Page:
Sapindus drummondii Hook. & Arn.

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Credits

Article from Bean's Trees and Shrubs Hardy in the British Isles

Recommended citation
'Sapindus drummondii' from the website Trees and Shrubs Online (treesandshrubsonline.org/articles/sapindus/sapindus-drummondii/). Accessed 2022-05-19.

Genus

Common Names

  • Wild China-tree

Synonyms

  • S. saponaria var. drummondii (Hook. & Arn.) Benson

Other taxa in genus

    Glossary

    alternate
    Attached singly along the axis not in pairs or whorls.
    berry
    Fleshy indehiscent fruit with seed(s) immersed in pulp.
    glabrous
    Lacking hairs smooth. glabrescent Becoming hairless.
    globose
    globularSpherical or globe-shaped.
    lanceolate
    Lance-shaped; broadest in middle tapering to point.
    midrib
    midveinCentral and principal vein in a leaf.
    imparipinnate
    Odd-pinnate; (of a compound leaf) with a central rachis and an uneven number of leaflets due to the presence of a terminal leaflet. (Cf. paripinnate.)

    References

    There are no active references in this article.

    Credits

    Article from Bean's Trees and Shrubs Hardy in the British Isles

    Recommended citation
    'Sapindus drummondii' from the website Trees and Shrubs Online (treesandshrubsonline.org/articles/sapindus/sapindus-drummondii/). Accessed 2022-05-19.

    A deciduous tree up to 40 or 50 ft high, with scaling bark; young shoots warted, slightly downy. Leaves alternate, pinnate, 10 to 15 in. long, made up of eight to eighteen leaflets which are lanceolate, slenderly pointed, tapered and often oblique at the base, not toothed, 112 to 312 in. long, 12 to 1 in. wide, rather pale green and glabrous above, downy beneath when young especially at the base of the midrib. Flowers yellowish white, 16 in. wide, produced during June on pyramidal terminal panicles 6 or 8 in. long; sepals narrowly triangular; petals obovate, downy inside; stamens hairy, eight or ten. Fruits about 12 in. wide, nearly globose, described as having a thin, dark, orange-coloured, semi-translucent flesh; they ultimately turn black.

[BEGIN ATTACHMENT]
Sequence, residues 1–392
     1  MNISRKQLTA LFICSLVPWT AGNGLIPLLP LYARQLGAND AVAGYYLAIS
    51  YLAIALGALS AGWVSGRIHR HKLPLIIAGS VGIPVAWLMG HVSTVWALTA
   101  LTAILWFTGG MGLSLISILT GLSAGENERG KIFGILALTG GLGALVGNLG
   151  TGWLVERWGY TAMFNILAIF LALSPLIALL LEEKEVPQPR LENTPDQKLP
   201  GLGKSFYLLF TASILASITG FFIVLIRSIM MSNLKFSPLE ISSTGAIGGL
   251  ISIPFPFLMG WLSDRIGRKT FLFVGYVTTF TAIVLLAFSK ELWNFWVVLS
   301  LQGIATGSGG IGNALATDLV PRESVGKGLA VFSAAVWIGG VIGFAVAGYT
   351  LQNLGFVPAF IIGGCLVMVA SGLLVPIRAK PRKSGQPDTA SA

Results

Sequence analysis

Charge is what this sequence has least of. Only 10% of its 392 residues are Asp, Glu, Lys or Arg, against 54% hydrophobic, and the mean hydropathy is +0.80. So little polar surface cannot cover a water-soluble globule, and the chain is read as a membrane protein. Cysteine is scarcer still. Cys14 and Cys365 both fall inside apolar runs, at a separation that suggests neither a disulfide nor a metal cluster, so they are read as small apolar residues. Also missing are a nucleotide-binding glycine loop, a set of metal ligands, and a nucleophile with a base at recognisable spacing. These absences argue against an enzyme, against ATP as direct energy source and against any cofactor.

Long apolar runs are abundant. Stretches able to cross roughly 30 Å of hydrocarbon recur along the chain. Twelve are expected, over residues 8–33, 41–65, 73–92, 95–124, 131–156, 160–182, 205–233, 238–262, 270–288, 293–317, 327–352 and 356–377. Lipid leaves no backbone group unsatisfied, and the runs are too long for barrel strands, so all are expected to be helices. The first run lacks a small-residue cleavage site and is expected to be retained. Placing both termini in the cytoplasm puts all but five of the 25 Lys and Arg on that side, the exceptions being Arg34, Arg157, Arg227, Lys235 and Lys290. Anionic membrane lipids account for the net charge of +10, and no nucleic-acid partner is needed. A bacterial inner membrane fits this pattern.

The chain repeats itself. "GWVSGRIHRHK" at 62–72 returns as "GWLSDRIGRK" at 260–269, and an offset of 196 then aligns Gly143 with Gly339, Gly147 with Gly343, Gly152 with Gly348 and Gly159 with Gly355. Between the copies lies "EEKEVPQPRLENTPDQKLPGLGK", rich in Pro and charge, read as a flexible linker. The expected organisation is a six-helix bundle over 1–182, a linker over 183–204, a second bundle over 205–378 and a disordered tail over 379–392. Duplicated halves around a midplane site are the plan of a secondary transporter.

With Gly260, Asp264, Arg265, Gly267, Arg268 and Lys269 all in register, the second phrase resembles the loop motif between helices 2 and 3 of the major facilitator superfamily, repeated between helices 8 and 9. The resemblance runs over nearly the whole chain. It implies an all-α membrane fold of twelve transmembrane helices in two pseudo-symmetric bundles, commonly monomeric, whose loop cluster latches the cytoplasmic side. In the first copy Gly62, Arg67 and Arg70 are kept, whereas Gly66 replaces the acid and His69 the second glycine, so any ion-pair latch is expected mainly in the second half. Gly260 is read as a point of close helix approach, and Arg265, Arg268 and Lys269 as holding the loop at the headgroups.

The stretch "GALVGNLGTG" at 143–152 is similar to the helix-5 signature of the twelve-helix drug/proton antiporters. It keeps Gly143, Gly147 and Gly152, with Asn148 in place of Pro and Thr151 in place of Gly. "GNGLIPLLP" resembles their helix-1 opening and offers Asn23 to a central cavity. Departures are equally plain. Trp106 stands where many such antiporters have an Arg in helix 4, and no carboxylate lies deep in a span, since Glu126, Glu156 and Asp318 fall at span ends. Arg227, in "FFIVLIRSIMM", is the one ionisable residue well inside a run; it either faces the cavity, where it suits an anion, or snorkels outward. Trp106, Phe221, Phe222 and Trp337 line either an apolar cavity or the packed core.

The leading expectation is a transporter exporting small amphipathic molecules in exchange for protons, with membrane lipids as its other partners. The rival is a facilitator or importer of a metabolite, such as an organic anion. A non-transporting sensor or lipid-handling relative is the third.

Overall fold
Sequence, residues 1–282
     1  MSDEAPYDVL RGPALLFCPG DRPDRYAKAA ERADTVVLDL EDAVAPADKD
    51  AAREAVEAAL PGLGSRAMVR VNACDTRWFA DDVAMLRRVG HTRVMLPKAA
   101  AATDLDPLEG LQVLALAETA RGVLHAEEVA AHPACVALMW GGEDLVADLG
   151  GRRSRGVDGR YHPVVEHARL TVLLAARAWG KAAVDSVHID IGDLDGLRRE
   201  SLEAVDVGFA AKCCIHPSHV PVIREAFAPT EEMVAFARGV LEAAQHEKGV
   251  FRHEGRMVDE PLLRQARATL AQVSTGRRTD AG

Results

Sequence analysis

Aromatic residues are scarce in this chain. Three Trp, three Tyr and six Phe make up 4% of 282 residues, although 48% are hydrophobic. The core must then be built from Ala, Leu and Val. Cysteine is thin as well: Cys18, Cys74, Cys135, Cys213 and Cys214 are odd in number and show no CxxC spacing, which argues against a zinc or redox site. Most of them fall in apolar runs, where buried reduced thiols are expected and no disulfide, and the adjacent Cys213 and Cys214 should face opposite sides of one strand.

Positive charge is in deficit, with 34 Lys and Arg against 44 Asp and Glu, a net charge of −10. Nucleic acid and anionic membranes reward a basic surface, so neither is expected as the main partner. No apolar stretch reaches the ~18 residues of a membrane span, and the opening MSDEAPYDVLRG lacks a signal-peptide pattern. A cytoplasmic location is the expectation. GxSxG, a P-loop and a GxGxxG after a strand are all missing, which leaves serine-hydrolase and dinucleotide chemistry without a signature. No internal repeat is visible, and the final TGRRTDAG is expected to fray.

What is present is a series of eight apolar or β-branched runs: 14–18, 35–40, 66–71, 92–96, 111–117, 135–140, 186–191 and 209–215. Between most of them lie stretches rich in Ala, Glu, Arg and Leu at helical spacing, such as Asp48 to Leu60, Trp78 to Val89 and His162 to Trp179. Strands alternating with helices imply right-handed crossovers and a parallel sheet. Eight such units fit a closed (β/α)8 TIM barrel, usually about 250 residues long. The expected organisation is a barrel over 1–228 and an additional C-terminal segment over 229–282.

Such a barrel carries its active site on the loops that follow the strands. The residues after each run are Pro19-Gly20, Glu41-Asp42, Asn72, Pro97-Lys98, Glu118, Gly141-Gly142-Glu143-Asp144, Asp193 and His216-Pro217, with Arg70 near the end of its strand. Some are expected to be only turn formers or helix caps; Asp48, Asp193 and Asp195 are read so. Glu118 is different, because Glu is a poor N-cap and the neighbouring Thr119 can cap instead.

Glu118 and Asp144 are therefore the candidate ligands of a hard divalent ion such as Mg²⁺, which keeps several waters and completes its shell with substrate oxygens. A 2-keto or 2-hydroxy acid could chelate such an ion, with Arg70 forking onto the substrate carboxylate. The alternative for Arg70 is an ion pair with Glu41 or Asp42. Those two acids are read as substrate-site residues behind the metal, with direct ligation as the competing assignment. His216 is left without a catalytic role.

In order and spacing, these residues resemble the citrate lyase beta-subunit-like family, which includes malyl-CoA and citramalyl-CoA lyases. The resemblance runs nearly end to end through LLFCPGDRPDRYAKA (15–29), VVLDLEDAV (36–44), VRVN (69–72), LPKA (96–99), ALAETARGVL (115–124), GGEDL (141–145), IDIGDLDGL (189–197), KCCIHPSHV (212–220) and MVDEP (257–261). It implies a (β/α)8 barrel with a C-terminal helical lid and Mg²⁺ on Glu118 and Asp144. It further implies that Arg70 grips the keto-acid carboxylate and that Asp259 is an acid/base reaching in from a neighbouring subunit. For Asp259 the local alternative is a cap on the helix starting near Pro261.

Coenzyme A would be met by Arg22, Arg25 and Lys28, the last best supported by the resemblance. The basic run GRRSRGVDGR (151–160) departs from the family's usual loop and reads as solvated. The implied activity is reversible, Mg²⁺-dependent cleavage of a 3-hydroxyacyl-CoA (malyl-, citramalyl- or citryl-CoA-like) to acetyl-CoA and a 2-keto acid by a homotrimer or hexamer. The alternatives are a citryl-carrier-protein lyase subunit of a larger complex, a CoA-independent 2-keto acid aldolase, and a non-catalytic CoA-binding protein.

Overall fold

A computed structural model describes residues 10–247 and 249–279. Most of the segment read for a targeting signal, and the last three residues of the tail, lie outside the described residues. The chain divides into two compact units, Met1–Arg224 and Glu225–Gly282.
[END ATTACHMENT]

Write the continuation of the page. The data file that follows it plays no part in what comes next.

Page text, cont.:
Native of the southern United States, especially towards the west, and of N. Mexico; introduced to Britain in 1915. It is quite hardy but of little ornamental value. The popular name derives from a fancied resemblance between this species and Melia azederach, known as the China-tree or China-berry in the southern USA, where it is much cultivated.